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Making Circuits Courts Appealing Again

Ilya Shapiro and Aaron Barnes

Even beyond passing tax reform, slashing federal regulations,
and pruning the federal bureaucracy, Donald Trump’s most impressive
and lasting achievement so far is his record-setting pace of
judicial appointments to the U.S. courts of appeals. While the
Supreme Court gets attention for its blockbuster national cases,
the 13 federal circuit courts represent the end of the line for all
but 70 or so of the more than 50,000 cases they decide annually.
Judges sit on those appellate benches for life, affecting our law
long after the White House has changed hands.

After eclipsing the previous first-year records set by
Presidents Kennedy and Nixon with 12 appellate judges confirmed in
2017, what are the prospects for continuing this momentum and
increasing Trump’s judicial legacy?

Ultimately, the answer depends on two factors: (1) the number of
open seats to fill and (2) the power to get preferred nominees
confirmed. With regard to the latter, to paraphrase Yogi Berra,
making predictions about control of the Senate is hard,
particularly beyond this year’s elections. But engaging in a bit of
informed speculation as to the number of seats that will be
available for filling is less of a parlor game. The key
consideration in forecasting such vacancies — beyond the 17
that currently exist, for which six nominees are pending — is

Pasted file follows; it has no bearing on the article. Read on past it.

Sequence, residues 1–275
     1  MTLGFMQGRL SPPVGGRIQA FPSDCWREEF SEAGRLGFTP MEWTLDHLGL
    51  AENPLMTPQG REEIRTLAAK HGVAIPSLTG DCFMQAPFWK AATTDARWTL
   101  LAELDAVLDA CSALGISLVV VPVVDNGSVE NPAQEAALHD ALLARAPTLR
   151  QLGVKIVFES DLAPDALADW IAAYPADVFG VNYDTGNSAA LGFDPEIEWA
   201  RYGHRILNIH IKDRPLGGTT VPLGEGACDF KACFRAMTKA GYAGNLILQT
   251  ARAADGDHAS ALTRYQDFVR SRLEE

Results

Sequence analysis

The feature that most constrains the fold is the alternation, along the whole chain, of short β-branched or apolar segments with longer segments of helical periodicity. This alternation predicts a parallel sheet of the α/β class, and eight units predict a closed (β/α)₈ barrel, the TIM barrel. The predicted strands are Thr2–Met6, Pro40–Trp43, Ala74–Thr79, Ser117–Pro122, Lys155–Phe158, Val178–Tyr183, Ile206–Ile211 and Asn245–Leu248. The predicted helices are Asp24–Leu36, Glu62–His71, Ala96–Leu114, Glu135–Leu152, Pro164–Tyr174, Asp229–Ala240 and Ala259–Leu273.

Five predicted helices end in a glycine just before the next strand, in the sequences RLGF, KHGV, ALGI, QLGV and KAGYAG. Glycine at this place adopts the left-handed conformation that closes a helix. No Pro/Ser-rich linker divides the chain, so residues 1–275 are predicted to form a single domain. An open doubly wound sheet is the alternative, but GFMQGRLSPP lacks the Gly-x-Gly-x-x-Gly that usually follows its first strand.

the potential for judges to take advantage of what is known as
senior status. This status is governed by the so-called Rule of 80:
A federal judge who is at least 65 years old has the option of
going into semi-retirement once the judge’s combined age and years
on the bench add up to 80. So someone who was appointed before the
age of 50 (as most of Trump’s nominees have been) can go senior
immediately at 65.

The decision to take senior status has significant consequences.
Under it, a judge has the option of presiding over a reduced
caseload while maintaining his or her full salary. (In effect,
whatever work they do is voluntary at that point because they get
their full salary in retirement regardless, so we should be
grateful to them for picking up that slack.) For those who consider
interpreting the law and deciding cases to be a labor of love,
doing less work for the same pay can prove to be quite enticing.
Most relevant to a president wishing to leave a lasting mark on the
courts is that these senior judges don’t count against the 179
total appellate judgeships authorized by Congress. As soon as a
judge takes senior status, the president can nominate a new judge
to fill the newly vacant seat.

For President Trump, this is the most likely way he could begin
to reverse the historic shift in the jurisprudential balance of the
courts that occurred during the Obama years. When President Obama
first took office, only one federal appeals court contained a
majority of judges appointed by Democrats — the West Coast’s
Ninth Circuit, which has a built-in Democratic advantage not
because the Pacific states lean left but due to judgeships added
during the Carter administration. When Obama departed the
presidency, the number with Democrat-appointed majorities had
swelled to nine, with Republican-appointed majorities remaining in
only the Fifth, Sixth, Seventh, and Eighth Circuits (essentially
the middle of the country). While those four courts are virtually
guaranteed to maintain their Republican-appointed majorities